Proposed changes in more detail
The FDA would be required by the FLMA to define what the words “healthy” and “natural” mean as well as establish legal definitions for words like “synthetic” and “artificial”. The bills ask that FDA either update or draft regulations regarding meal claims that include sodium, fat, added sugars, and low-added sugar claims.
The bills instruct the FDA to establish lists of new food allergens based on allergy reactions. In addition, foods sold at retail and online would be required to list any gluten-containing components.
Submission of Food Labels to the FDA
Manufacturers and importers of food must provide the Food and Drug Administration with all relevant information about their labels, including the Nutrition Facts Panel. An applicant must notify the FDA immediately if any information in a manufacturer’s or importer’s submission changes. Any labeling information that is not supplied may result in a $10,000 per day civil penalty to that organization.
Standards of Identity
For foods containing nutrients and ingredients that are linked with public health, the bill requires the FDA to evaluate and determine what these minimal quantities are. The FDA would also be required to change criteria for identification in order to allow for the use of ingredients like potassium chloride which can function as salt substitutes and force yogurts and yogurt-based products to contain a minimum amount of active and live cultures per gram.
Sugar Alcohols and Isolated Fibers
Because sugars can cause harm to people who consume them in large quantities nutrition facts panels would have to include a warning about such foods. In addition, if any of these components are present in meals at a level greater than that permitted by the FDA, the agency must issue rules setting tolerances for these ingredients.
Sale of Food Online
For online vendors, the law specifies that the nutrition facts panel must appear on the first page of a food product’s web listing. By sharing this information upfront, the changes will ensure that consumers have all of the information they need.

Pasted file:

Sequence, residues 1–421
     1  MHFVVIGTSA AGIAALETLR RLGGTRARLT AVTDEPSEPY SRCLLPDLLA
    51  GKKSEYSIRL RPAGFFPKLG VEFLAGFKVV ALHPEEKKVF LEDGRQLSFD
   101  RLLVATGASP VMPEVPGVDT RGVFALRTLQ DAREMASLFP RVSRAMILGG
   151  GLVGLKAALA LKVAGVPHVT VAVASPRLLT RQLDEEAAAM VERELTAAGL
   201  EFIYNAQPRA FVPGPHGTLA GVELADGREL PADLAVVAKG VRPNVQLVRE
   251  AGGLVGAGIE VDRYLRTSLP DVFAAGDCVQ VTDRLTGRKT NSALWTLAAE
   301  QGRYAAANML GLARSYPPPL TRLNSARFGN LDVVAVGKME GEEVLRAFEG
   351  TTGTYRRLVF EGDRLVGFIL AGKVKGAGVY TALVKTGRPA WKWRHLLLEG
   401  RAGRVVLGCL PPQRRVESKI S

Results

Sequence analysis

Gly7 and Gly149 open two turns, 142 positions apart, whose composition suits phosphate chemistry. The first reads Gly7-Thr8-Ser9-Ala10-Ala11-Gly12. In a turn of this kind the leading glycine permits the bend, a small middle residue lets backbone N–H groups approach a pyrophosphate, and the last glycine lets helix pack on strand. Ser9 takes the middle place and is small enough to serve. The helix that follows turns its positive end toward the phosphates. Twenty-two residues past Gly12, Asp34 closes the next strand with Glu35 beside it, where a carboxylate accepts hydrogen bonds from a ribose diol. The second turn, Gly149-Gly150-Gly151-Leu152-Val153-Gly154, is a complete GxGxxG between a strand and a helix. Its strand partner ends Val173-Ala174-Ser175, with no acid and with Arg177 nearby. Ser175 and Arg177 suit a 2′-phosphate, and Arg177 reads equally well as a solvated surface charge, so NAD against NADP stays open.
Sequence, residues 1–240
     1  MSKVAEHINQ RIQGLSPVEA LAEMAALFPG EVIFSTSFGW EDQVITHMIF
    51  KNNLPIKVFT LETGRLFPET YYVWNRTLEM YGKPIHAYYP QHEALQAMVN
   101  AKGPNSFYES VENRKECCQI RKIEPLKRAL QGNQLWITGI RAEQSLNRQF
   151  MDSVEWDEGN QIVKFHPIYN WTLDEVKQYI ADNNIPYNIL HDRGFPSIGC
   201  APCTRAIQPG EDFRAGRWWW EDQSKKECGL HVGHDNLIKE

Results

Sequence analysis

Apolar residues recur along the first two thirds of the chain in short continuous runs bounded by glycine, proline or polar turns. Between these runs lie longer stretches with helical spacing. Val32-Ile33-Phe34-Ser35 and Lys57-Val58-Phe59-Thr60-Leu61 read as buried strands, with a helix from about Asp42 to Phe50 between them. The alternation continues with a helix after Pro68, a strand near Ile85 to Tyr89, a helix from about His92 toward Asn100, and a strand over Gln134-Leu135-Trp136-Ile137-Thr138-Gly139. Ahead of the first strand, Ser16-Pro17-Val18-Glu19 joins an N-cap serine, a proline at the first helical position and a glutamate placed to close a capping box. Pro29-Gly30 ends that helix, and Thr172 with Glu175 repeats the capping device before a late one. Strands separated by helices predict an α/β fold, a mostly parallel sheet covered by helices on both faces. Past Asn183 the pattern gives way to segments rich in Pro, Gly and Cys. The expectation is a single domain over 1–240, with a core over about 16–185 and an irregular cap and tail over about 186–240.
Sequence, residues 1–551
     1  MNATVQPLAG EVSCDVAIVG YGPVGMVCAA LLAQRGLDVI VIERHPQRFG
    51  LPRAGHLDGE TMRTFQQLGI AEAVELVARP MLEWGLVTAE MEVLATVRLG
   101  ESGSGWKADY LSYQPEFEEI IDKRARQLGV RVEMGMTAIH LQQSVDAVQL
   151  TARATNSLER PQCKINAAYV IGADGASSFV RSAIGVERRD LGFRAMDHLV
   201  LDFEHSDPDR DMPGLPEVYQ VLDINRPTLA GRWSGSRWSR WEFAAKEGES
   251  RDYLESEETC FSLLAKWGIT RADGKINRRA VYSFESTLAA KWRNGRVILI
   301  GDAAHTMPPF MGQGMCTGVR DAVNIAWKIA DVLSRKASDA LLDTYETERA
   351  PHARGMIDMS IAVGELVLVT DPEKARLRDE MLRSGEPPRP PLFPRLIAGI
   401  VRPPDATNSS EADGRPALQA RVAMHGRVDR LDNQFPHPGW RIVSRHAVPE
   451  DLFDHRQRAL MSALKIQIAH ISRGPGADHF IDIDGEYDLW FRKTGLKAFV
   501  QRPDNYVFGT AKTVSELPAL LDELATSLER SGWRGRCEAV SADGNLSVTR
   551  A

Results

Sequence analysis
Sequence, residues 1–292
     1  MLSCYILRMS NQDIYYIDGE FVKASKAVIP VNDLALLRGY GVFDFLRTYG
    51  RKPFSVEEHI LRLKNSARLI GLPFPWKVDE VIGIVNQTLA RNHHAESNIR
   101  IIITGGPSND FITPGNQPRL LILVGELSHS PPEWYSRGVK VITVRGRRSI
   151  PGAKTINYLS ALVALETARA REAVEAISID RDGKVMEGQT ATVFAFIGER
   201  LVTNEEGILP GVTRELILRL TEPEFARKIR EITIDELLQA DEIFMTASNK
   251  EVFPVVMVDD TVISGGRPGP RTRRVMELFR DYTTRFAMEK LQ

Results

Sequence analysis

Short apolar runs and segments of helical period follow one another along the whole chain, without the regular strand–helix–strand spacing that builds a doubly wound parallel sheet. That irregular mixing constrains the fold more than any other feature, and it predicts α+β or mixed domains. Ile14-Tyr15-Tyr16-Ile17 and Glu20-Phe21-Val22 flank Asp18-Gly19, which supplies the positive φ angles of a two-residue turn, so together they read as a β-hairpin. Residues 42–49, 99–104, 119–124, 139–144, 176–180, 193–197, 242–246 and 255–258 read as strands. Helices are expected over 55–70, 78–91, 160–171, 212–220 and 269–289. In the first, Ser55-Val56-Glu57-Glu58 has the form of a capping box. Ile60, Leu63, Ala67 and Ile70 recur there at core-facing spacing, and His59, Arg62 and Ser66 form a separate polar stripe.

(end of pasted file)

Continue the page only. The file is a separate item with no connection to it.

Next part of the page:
Nutrition Label Update effects on Food Manufacturers
This issue will be particularly important for those in the food manufacturing industry as many companies have products on shelves at grocery stores nationwide. While existing products will not need to be recalled, new labels will be required when creating new products.
The Nutrition Facts Label will also be changing with the updates in nutrition labeling laws under this bill, which could impact food manufacturers that are currently producing different versions of their product for distribution in different countries.
One of the biggest changes for manufacturers under this act is how Nutrition Facts labels are organized. Under the proposed updates, serving size information would be included at the top of the label in a larger font than nutrient declarations making them easier to read.
The full nutrition facts panel must also include calorie counts based on different serving sizes for up-to-date dietary recommendations; currently, calories can only be counted by using standard servings which don’t account for all variables.
With the new changes, manufacturers won’t have as many questions about the labels because there will be a standard for all foods, which means they can spend less time rewriting product’s recipes or formulations.
How MenuSano can Help
What people eat and how they eat it is always evolving, and this new bill will help the food industry continue to offer consumers what they want – healthier options that are compliant with current labeling laws.
It will also make everything easier for manufacturers during the reformulation process, which means they can spend more time focusing on how to improve their products. MenuSano is a simple and affordable way for food manufacturers to create Nutrition Fact Labels that are up-to-date with current labeling laws across the country.
Our software works with your current in-house systems to offer a straightforward, fast, and accurate labeling solution.